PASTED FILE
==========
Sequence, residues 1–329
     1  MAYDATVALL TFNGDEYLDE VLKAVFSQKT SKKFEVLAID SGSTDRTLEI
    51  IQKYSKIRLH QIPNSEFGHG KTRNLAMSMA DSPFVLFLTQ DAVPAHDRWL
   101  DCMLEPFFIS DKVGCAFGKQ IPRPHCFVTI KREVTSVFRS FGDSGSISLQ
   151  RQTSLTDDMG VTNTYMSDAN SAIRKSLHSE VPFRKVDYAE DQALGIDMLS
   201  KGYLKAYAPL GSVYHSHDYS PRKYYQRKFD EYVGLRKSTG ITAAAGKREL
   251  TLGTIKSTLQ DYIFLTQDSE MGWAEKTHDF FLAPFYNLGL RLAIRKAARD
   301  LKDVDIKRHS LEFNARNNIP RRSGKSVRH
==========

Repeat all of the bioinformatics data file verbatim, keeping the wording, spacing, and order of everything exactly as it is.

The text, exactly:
Sequence, residues 1–329
     1  MAYDATVALL TFNGDEYLDE VLKAVFSQKT SKKFEVLAID SGSTDRTLEI
    51  IQKYSKIRLH QIPNSEFGHG KTRNLAMSMA DSPFVLFLTQ DAVPAHDRWL
   101  DCMLEPFFIS DKVGCAFGKQ IPRPHCFVTI KREVTSVFRS FGDSGSISLQ
   151  RQTSLTDDMG VTNTYMSDAN SAIRKSLHSE VPFRKVDYAE DQALGIDMLS
   201  KGYLKAYAPL GSVYHSHDYS PRKYYQRKFD EYVGLRKSTG ITAAAGKREL
   251  TLGTIKSTLQ DYIFLTQDSE MGWAEKTHDF FLAPFYNLGL RLAIRKAARD
   301  LKDVDIKRHS LEFNARNNIP RRSGKSVRH